"Gracias, Osvaldo," Papi said, looking at the cup of coffee with undisguised pleasure.
I looked up and caught another dagger from Osvaldo. I knew how much Osvaldo wanted to keep my father around as long as possible, and he felt that by openly encouraging Papi to have coffee, I was cutting short my father's life. Osvaldo had suffered an irreplaceable loss when Mami died, and I knew he didn't want to endure such an emotional blow again. I could understand his strong feelings on the matter — when you're more than eighty years old, you don't want to keep burying loved ones who are younger than you.
The thing was, I wanted Papi to live a long life as much as anyone, and I felt every bit as strongly as Osvaldo about it. But I also knew that Papi loved life's little pleasures the same way I did. A cup of good coffee, an occasional cigar, a glass of scotch — for Papi these things in moderation made life worth living. Being a total sensualist, I understood completely.
I gave Osvaldo my most charming smile. I saw his eyes soften a bit, not much, but enough for me to know that I had been temporarily forgiven until my next transgression. Osvaldo had been close to me for all of my twenty-eight years, so he knew about my basic disregard for most of life's rules.
Papi blew into his coffee cup before taking his first sip. His breath moved the salt-and-pepper of his mustache. I didn't like the preoccupied look on his face. I was sure now that something was troubling him. But I knew better than to pressure him when he was like this.
We sat together in comfortable silence, watching the sunlight brighten on the waters and refract into shining crescents. A few pelicans were perched on the channel markers, warming up and checking out the minnows skimming the water's surface.
My strategy proved to be the right one. After about a minute of quiet, Papi cleared his throat and shifted in his chair.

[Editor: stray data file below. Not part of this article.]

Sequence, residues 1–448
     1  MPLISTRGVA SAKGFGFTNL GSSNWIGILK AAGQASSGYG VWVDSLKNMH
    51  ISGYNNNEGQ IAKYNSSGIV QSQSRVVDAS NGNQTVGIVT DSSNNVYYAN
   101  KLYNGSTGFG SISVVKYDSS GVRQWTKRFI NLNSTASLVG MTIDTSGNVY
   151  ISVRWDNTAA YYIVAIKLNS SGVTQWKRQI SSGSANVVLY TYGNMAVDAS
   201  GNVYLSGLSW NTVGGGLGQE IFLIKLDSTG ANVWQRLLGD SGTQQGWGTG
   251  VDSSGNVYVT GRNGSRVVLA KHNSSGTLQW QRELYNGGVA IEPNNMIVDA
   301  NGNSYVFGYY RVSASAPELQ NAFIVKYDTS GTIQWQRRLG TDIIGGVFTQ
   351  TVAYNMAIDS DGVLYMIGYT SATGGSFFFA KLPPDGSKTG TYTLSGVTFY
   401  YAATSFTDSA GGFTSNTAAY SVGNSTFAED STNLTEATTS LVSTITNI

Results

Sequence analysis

"Lupe, you know my friend Ramón," he said.
"Of course I know Tío Ramón." I referred to Papi's childhood schoolmate with the honorific conferred upon close friends who, although not related by blood, were considered as close as family.
"Well Ramón has become involved in a situation that has turned out to be quite complicated." Papi was choosing his words carefully and looking down into his folded hands as he spoke. And from his concerned tone of voice, I knew that in this case "complicated" did not mean good things for Tío Ramón.
"I'm sorry to hear that, Papi," I said. "What's the problem?"
Papi straightened up, took a sip of his café con leche, and looked away from me out to the bay. It was obvious that he was hesitant about bringing up the subject of his good friend to me, and I supposed his sudden interest in what was going on in Biscayne Bay wasn't entirely unexpected. I looked out there as well, just in time to see a pelican flying low. The bird flew gracefully and easily over the waves, and I watched him open his beak, drop down, and envelop one of the fish swimming dangerously close to the surface of the water.
"You know Ramón's family was in..."Bitter Sugar. Copyright © by Carolina Garcia-Aguilera. Reprinted by permission of HarperCollins Publishers, Inc. All rights reserved. Available now wherever books are sold.